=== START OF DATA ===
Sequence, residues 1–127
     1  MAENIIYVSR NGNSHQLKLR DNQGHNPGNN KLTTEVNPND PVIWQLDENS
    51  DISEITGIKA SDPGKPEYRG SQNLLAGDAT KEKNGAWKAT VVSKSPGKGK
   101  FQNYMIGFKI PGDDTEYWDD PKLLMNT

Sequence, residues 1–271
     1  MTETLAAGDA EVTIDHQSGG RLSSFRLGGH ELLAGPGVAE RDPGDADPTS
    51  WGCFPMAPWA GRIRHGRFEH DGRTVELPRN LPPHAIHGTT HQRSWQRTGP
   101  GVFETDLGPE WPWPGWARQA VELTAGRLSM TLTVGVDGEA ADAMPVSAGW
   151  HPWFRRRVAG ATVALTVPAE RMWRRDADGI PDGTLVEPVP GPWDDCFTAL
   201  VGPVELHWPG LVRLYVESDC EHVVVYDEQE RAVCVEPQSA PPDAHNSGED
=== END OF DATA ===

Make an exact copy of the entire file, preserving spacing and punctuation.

Sequence, residues 1–127
     1  MAENIIYVSR NGNSHQLKLR DNQGHNPGNN KLTTEVNPND PVIWQLDENS
    51  DISEITGIKA SDPGKPEYRG SQNLLAGDAT KEKNGAWKAT VVSKSPGKGK
   101  FQNYMIGFKI PGDDTEYWDD PKLLMNT

Sequence, residues 1–271
     1  MTETLAAGDA EVTIDHQSGG RLSSFRLGGH ELLAGPGVAE RDPGDADPTS
    51  WGCFPMAPWA GRIRHGRFEH DGRTVELPRN LPPHAIHGTT HQRSWQRTGP
   101  GVFETDLGPE WPWPGWARQA VELTAGRLSM TLTVGVDGEA ADAMPVSAGW
   151  HPWFRRRVAG ATVALTVPAE RMWRRDADGI PDGTLVEPVP GPWDDCFTAL
   201  VGPVELHWPG LVRLYVESDC EHVVVYDEQE RAVCVEPQSA PPDAHNSGED